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Thorin et al [In reply to] Can't Post

It goes without saying that movie Thorin is nothing like book Thorin, except briefly in DoS when he accuses Bilbo of having the Arkenstone. Of course even that scene is a radical departure from the book... truly a case of blink and you miss it. He just seems angry all the time rather than haughty; bitter and vengeful rather than sure of his destiny and birthright. Oddly, as much as I don't like book Thorin, movie Thorin made me look back at him with fondness.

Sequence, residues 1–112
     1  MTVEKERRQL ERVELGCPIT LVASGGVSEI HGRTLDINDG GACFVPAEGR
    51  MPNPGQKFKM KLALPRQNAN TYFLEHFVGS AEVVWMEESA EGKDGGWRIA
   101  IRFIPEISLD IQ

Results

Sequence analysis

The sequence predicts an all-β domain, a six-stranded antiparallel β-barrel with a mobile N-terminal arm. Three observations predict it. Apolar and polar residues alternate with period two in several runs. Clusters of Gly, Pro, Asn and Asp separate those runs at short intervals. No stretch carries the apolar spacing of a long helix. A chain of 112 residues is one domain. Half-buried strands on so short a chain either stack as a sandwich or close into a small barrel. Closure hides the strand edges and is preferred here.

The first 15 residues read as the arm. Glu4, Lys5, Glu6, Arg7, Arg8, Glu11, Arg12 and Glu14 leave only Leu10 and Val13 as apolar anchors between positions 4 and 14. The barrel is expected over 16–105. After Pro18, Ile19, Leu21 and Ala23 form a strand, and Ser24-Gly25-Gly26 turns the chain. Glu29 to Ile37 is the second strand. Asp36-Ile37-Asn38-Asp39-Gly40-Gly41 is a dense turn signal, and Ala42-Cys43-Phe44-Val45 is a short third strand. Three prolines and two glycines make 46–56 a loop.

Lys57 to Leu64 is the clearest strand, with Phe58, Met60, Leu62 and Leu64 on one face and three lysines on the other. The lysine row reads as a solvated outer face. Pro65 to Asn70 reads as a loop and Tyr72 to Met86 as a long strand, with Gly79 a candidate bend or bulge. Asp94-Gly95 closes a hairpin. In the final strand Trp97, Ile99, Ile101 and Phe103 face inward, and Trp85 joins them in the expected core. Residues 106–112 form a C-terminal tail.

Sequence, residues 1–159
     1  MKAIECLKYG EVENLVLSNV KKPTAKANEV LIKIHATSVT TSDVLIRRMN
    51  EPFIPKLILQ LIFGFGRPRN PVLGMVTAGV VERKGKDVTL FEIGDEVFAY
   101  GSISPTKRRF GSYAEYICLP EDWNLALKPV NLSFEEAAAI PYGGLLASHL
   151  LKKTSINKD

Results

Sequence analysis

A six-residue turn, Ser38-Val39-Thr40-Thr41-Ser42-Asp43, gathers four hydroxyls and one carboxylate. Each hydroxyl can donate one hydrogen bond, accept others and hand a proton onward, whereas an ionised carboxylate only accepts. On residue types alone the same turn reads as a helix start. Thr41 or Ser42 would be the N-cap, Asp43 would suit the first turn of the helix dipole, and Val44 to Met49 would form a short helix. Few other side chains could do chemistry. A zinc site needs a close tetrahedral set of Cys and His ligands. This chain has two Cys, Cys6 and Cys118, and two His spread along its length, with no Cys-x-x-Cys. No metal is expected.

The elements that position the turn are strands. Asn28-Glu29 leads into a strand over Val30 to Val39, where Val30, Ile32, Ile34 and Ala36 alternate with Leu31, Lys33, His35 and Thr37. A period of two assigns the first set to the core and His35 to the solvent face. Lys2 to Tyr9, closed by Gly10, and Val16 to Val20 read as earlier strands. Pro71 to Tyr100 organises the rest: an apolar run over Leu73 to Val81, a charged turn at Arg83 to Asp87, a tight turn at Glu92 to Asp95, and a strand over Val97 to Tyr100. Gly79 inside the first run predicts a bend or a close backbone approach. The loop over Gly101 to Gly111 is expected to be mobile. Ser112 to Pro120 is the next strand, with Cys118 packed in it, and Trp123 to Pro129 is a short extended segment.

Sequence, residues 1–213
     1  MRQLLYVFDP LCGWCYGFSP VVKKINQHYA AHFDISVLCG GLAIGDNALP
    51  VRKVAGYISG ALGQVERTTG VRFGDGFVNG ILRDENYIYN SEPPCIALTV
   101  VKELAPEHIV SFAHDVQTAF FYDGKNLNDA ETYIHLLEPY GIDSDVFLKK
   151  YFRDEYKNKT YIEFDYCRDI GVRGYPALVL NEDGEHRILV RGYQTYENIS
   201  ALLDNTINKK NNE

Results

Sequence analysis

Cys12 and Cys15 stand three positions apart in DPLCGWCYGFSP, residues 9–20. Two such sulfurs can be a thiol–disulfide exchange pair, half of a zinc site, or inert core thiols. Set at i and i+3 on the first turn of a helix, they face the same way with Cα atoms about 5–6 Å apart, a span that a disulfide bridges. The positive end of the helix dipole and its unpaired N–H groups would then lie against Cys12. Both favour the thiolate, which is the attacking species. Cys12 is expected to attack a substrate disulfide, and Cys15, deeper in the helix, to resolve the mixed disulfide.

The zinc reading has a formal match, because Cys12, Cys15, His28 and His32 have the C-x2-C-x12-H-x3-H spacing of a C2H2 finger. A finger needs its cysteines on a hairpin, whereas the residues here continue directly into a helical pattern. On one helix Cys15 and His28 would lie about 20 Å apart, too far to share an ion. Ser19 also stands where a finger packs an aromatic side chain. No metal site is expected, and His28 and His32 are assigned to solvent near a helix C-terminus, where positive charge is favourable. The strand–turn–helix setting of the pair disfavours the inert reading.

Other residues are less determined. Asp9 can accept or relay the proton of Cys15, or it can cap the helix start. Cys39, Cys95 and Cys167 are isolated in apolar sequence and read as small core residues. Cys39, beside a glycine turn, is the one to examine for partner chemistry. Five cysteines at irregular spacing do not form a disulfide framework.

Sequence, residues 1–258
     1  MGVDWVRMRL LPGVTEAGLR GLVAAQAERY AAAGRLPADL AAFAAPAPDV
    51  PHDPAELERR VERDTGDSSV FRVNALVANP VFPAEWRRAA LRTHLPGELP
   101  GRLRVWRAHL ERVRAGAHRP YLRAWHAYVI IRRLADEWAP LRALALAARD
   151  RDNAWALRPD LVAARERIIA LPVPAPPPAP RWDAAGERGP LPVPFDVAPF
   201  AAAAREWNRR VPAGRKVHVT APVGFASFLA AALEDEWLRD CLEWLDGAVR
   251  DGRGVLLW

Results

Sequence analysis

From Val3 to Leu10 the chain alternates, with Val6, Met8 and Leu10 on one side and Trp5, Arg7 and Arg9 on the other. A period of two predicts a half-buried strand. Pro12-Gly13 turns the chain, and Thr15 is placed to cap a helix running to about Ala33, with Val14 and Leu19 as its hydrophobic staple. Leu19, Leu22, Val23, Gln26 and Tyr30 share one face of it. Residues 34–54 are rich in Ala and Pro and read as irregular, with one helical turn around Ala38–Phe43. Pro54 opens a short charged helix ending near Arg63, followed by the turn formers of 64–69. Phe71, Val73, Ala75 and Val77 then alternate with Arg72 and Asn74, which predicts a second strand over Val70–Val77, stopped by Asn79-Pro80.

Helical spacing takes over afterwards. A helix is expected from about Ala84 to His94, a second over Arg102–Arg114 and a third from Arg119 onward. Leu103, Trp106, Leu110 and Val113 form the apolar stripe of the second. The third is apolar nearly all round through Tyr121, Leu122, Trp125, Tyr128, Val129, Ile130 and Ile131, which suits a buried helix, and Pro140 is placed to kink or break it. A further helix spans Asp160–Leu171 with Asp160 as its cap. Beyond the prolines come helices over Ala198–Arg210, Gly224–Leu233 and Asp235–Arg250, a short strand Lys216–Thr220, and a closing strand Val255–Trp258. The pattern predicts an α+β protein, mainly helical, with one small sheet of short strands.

As for Boromir, the movie version is far more likable than his book version, far more. Bean evokes pity, but also admiration. His Boromir is dignified, if not perhaps somewhat righteous in his actions. In short he and his motivations are easier to understand and respect.

Viggo nailed book Aragorn for me (wait that sounds weird); which is to say he played him exactly as I always imagined him, in spite of any changes to his arc.

Perhaps it was John Hurt's 70s-ified portrayal that coloured your perception of book Aragorn all those years ago? I actually like John Hurt quite a bit, though his Aragorn was wide of the mark I thought. (Or maybe it was the way he was drawn?)